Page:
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Ruth: The ticket that turned into a pink slip

Florida Rep. Charles McBurney, R-Jacksonville, center, was pulled over by the Florida Highway Patrol for speeding. The trooper who failed to cite him for the violation was fired.

Florida House of Representatives

Florida Rep. Charles McBurney, R-Jacksonville, center, was pulled over by the Florida Highway Patrol for speeding. The trooper who failed to cite him for the violation was fired.

It's merely an idle guess, but do you suppose that when he was in grade school Charles McBurney was the kind of child who would raise his hand just before class let out Friday afternoon to remind the teacher she had forgotten to assign homework for the weekend?

It was Rep. McBurney, R-Stoolie, who cost Florida Highway Patrol Trooper Charles Swindle his job after he complained the officer opted not to write a $250 speeding ticket last November when the lawmaker was clocked going 87 in a 70 mph zone on I-10.

Instead, Swindle handed McBurney, who had a license plate identifying him as a state legislator, a $10 wink-wink/nod-nod fine for not having proof of insurance, along with a warning to slow down.

Forgive me if my Chicago is showing a bit here. But if a highway patrolman uses his discretion to cut a you a break on a traffic violation, the customary thing to do is to thank him for his patriotic service to the republic and then shut up.

But not ol' Charlie McBurney, R-The Fink of the Florida Legislature. Tallahassee's answer to The Departed informed on Swindle to the trooper's superiors, complaining to FHP Col. David Brierton that he did not appreciate receiving special treatment from Swindle.

Swindle was accused of conduct unbecoming a public employee and falsely giving out tickets for offenses motorists did not commit. As it turned out, McBurney noted he did indeed have his proof of insurance on his person during the traffic stop.

How proud McBurney, R-Tattletale, must feel for ruining a law enforcement officer's career over a run of the mill speeding ticket, or lack thereof.

If you want to get all high and mighty and pious, what Swindle did — in the immortal words of Richard Nixon — was wrong. He should have strictly followed FHP procedure and written the legislator a ticket for having a lead foot.

But, with the exception of McBurney, R-Canary, we also know we live in the real world. Of course police officers, sheriff's deputies and state troopers often exercise broad discretion in deciding whether to write a ticket for a traffic infraction. This wasn't as if the officer was letting Pablo Escobar off with a warning to slow down smuggling all that cocaine.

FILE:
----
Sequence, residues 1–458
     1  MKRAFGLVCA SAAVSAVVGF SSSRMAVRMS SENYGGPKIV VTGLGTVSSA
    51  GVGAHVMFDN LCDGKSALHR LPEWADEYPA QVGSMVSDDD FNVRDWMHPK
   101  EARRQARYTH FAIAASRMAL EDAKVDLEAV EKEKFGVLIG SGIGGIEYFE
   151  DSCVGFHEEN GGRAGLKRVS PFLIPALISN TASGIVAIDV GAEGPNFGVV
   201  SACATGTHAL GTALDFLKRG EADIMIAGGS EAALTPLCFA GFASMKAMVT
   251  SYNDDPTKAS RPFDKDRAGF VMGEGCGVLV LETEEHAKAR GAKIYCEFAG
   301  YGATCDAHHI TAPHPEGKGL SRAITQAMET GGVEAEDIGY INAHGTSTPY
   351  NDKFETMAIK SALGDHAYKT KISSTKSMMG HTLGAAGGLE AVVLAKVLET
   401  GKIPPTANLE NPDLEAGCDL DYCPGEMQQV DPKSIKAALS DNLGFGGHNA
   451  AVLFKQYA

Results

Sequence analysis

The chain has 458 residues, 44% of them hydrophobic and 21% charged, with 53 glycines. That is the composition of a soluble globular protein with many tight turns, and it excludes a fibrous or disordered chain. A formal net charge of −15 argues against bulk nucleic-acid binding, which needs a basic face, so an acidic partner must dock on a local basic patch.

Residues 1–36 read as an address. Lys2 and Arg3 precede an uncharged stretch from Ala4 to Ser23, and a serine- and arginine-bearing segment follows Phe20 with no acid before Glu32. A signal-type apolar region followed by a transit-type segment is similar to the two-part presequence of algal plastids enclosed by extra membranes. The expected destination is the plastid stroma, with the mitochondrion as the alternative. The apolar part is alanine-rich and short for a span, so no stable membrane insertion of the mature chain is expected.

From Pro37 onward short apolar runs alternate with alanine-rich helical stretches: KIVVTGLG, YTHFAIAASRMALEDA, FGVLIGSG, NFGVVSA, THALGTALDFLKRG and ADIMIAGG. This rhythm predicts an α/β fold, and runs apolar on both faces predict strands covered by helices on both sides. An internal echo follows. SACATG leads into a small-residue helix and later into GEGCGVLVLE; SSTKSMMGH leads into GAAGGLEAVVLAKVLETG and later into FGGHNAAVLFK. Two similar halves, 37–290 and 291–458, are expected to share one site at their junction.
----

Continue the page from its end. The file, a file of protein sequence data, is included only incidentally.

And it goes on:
While his superiors are denying it, Swindle has insisted the FHP adhered to a formal — albeit unwritten — understanding to cut some slack to legislators stopped for various traffic violations. In the case involving McBurney, R-Snitch, Swindle told FHP investigators that he had informed and received approval from his boss, Sgt. Gary Dawson, to give the representative a break.

FHP and Florida Department of Highway Safety and Motor Vehicles officials went into full Capt. Renault mode insisting they were shocked, shocked that anyone would claim there was a policy to hand out free passes to elected officials. But isn't that the beauty of unwritten policies?

If McBurney, R-"I'm Gonna Tell Mom!," was oh so offended by Swindle's botched effort to, as the officer put it, "be nice," there was absolutely nothing preventing the Diogenes of Apalachee Parkway from simply informing the trooper: "Look, I really appreciate you wanting to spare me a traffic court hassle, but I must insist you go ahead and write a ticket, because I am an elected official and I can't run the risk of being seen receiving special consideration."

But that might have been problematic, too. After all, while McBurney, R-Simon Pure, took umbrage at being offered a chance to duck a $250 speeding ticket, this is the same gladhander who happily collected nearly $70,000 in special interest campaign contributions from the financial industry, insurance, real estate, lawyers, lobbyists and health care concerns. Apparently McBurney is flexible in his aversion to special consideration.

Whatever Swindle's sins, having to turn in his badge seems a bit excessive, unless FHP was attempting to demonstrate it is getting tough on nice.

A suspension, or a firm tongue-lashing, or perhaps a transfer to Two Egg, would have sufficed as punishment for the trooper.

The same day Swindle stopped McBurney, he pulled over newly elected Democratic Rep. Mike Clelland of Lake Mary, who was also spared a speeding citation.

Apparently, Clelland had no complaints with Swindle's kindness.

That's the ticket.

Ruth: The ticket that turned into a pink slip 03/28/13 [Last modified: Thursday, March 28, 2013 5:41pm]

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